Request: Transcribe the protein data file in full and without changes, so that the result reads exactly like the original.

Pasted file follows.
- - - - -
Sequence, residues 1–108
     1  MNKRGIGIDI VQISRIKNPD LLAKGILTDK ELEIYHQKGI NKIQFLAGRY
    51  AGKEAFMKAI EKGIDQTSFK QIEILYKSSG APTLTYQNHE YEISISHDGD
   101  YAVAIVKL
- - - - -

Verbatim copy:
Sequence, residues 1–108
     1  MNKRGIGIDI VQISRIKNPD LLAKGILTDK ELEIYHQKGI NKIQFLAGRY
    51  AGKEAFMKAI EKGIDQTSFK QIEILYKSSG APTLTYQNHE YEISISHDGD
   101  YAVAIVKL